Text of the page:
FR Doc 2010-17845
[Federal Register: July 26, 2010 (Volume 75, Number 142)]
[Proposed Rules]               
[Page 43615-43708]
From the Federal Register Online via GPO Access [wais.access.gpo.gov]
[DOCID:fr26jy10-20]                        

Download: download files




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Part II





Department of Education





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34 CFR Part 668



Program Integrity: Gainful Employment; Proposed Rule


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DEPARTMENT OF EDUCATION

34 CFR Part 668

RIN 1840-AD04
[Docket ID ED-2010-OPE-0012]

 
Program Integrity: Gainful Employment

AGENCY: Office of Postsecondary Education, Department of Education.

ACTION: Notice of proposed rulemaking.

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SUMMARY: The Secretary proposes to amend the Student Assistance General 
Provisions to establish measures for determining whether certain 
postsecondary educational programs lead to gainful employment in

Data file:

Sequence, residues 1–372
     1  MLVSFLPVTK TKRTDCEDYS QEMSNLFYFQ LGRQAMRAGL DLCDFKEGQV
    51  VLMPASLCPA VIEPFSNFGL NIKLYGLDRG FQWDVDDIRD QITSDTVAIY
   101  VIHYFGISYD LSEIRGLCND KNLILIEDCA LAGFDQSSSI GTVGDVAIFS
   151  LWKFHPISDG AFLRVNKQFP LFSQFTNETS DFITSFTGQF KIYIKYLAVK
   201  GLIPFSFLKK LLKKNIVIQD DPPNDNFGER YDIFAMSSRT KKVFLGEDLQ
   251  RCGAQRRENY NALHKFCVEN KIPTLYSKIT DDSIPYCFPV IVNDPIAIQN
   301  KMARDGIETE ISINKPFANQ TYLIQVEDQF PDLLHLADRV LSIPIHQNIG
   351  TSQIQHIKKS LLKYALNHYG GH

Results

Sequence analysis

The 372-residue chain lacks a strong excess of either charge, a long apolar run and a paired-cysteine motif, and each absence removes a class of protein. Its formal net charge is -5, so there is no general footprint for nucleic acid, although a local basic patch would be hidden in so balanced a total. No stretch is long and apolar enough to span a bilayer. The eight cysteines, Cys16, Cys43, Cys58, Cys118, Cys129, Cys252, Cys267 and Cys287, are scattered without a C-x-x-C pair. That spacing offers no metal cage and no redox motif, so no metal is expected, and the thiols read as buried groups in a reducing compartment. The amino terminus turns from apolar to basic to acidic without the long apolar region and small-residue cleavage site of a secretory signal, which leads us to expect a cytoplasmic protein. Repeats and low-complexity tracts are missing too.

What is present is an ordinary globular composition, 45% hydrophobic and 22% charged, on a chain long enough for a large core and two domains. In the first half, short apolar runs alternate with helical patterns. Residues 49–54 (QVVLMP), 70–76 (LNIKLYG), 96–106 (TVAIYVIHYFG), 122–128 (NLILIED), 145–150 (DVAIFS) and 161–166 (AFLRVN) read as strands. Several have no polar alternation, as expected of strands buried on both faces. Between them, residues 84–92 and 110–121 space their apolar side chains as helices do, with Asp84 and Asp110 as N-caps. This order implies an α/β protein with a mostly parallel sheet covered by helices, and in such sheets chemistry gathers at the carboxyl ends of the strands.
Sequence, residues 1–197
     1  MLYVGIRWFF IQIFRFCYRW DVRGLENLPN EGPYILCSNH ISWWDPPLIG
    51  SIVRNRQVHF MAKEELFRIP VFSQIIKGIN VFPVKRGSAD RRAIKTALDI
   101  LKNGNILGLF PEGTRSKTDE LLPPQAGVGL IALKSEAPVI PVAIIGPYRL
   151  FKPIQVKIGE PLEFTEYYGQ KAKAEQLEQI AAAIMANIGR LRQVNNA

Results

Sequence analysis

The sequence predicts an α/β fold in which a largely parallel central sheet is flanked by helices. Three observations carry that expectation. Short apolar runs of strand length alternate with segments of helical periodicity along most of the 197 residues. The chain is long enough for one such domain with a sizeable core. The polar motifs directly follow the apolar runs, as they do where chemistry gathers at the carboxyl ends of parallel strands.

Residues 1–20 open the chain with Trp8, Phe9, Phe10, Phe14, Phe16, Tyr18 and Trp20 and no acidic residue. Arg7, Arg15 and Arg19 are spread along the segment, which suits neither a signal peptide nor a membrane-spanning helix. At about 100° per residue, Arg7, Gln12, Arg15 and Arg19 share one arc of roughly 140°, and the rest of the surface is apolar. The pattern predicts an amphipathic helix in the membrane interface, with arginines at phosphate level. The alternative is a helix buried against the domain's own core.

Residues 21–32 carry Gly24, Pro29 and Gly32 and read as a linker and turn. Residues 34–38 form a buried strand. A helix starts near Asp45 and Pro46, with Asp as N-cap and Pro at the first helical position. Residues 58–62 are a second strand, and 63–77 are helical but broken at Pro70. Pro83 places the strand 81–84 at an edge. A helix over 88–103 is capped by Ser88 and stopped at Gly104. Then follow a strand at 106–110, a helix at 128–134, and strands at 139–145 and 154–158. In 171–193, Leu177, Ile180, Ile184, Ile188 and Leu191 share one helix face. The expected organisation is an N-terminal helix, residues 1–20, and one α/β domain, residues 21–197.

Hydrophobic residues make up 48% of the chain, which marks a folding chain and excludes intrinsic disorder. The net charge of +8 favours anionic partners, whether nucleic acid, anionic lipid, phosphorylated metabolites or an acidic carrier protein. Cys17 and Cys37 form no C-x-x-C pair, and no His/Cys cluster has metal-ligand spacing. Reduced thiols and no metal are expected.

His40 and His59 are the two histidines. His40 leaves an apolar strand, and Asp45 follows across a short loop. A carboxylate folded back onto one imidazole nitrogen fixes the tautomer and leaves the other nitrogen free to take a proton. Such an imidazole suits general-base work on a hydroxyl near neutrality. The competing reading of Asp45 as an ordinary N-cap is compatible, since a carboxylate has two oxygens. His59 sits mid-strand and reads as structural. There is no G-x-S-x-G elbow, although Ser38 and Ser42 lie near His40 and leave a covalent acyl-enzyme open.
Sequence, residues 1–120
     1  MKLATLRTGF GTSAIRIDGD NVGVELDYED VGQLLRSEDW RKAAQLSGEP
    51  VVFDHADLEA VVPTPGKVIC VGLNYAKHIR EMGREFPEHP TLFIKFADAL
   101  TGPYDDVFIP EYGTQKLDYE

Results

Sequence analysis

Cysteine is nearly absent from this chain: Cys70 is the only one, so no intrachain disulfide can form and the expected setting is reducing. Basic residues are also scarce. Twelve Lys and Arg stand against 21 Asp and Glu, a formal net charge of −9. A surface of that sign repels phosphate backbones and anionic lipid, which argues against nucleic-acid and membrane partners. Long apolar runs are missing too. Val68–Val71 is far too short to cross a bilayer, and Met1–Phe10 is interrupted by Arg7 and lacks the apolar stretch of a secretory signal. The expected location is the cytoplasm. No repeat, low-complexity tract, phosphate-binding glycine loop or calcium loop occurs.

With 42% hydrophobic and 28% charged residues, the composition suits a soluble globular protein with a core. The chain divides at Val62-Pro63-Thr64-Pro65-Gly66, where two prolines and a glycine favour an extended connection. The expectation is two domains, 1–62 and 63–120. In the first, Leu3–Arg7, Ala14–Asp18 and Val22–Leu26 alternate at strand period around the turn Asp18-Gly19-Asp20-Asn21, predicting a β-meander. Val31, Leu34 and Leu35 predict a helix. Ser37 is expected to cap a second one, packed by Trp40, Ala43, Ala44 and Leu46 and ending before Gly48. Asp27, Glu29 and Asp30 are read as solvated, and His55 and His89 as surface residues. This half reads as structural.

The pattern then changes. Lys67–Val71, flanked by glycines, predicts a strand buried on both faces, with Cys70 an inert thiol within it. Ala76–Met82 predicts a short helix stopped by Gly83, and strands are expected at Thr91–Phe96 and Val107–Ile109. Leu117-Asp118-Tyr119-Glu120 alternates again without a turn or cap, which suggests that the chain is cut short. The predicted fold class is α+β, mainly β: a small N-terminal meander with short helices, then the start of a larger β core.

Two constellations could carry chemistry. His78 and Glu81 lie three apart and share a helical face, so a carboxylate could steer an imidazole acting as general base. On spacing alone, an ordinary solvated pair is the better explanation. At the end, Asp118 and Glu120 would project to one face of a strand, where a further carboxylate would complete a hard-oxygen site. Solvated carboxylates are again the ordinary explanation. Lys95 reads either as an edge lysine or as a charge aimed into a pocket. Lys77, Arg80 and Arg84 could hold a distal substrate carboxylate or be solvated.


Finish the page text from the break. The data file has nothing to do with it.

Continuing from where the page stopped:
recognized occupations, and the conditions under which these 
educational programs remain eligible for the student financial 
assistance programs authorized under title IV of the Higher Education 
Act of 1965, as amended (HEA).

DATES: We must receive your comments on or before September 9, 2010.

ADDRESSES: Submit your comments through the Federal eRulemaking Portal 
or via postal mail, commercial delivery, or hand delivery. We will not 
accept comments by fax or by e-mail. Please submit your comments only 
one time, in order to ensure that we do not receive duplicate copies. 
In addition, please include the Docket ID at the top of your comments.
     Federal eRulemaking Portal. Go to http://www.regulations.gov to 
submit your comments electronically. Information 
on using Regulations.gov, including instructions for accessing agency 
documents, submitting comments, and viewing the docket, is available on 
the site under ``How To Use This Site.''
     Postal Mail, Commercial Delivery, or Hand Delivery. If you 
mail or deliver your comments about these proposed regulations, address